“We need to buy food and medicines for the animals, keep the van running and also support the caretakers who are out on the road,” says shop manager Sandra Lovering.
She says to do that they aim to sell top quality products at reasonable prices.
“To make our money we are totally reliant on what people donate to us.
“I try not to stipulate that we want this or that; pretty much anything goes. It’s good if items come clean and in good condition but we wash what needs to be cleaned and do a bit of mending or repair work if needed,” she says, pointing out a couple of collector item books, that have had their binding repaired.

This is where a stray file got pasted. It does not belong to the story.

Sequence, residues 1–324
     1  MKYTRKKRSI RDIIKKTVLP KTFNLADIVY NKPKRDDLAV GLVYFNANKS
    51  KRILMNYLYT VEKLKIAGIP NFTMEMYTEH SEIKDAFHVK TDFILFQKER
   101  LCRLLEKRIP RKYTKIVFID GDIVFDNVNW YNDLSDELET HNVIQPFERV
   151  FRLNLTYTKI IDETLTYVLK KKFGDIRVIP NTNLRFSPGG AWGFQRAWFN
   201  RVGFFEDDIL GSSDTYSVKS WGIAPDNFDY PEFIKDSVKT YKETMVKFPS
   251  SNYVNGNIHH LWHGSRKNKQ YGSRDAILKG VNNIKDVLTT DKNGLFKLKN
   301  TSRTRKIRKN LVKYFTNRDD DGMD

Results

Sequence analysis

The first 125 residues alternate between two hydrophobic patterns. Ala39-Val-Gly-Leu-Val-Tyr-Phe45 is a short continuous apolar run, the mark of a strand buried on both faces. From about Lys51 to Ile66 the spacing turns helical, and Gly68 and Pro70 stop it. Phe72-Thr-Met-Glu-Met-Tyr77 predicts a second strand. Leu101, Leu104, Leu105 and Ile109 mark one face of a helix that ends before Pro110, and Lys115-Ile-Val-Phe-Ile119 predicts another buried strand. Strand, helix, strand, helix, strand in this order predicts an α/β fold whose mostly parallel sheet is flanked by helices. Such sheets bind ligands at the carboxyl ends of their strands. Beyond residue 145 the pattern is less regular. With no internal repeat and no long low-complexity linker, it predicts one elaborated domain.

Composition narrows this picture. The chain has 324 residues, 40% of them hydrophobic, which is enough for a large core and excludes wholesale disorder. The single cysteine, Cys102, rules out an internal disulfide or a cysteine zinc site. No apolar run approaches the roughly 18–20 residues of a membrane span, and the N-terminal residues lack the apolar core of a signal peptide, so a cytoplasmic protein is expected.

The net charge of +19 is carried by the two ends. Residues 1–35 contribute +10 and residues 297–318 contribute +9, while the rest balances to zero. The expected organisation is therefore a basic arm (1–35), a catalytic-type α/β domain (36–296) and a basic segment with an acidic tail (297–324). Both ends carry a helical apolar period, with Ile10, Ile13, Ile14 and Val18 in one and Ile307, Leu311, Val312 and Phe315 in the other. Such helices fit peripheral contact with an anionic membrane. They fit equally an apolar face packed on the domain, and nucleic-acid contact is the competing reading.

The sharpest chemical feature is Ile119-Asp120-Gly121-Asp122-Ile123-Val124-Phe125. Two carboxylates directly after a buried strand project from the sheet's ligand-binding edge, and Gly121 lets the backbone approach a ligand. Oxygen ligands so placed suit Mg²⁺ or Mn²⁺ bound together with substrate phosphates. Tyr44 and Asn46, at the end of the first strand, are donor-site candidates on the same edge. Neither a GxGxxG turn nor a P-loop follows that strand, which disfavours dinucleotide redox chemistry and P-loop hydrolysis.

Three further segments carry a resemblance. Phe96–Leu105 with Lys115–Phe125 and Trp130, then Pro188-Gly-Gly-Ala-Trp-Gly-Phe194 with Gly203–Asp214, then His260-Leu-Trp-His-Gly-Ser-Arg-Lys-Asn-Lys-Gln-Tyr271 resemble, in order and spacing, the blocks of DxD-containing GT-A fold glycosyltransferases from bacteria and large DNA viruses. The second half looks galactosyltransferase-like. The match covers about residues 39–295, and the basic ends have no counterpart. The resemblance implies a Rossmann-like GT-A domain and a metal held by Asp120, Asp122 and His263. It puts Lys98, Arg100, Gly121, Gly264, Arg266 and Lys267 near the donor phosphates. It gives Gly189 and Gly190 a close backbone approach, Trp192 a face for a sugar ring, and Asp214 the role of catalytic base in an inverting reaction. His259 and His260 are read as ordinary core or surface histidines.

“What we don’t want are things that can’t be repaired. Things like cracked plastic, as that ends up costing us and we have to dump it.”
She says recycling on the island is always an issue. “This is one way of recycling. Let somebody else have some use out of your unwanted items. Help us to help the animals and it’s better for everybody.”
Things that don’t sell, says Sandra, such as scraps of material or old jewellery, have been passed on to crafts people.
“And clothes that we end up having a surplus of, have in the past gone to the outer islands, but our priority is always funding for the animals.”
A Facebook campaign has seen tourists bring items to the island specifically to donate, meaning there is a big variety of quality items including designer wear, and plenty of top labels.
As well as clothes and shoes, the shop has a big selection of useful household items, videos, books, suitcases, jewellery, hats, beach and snorkel gear and more.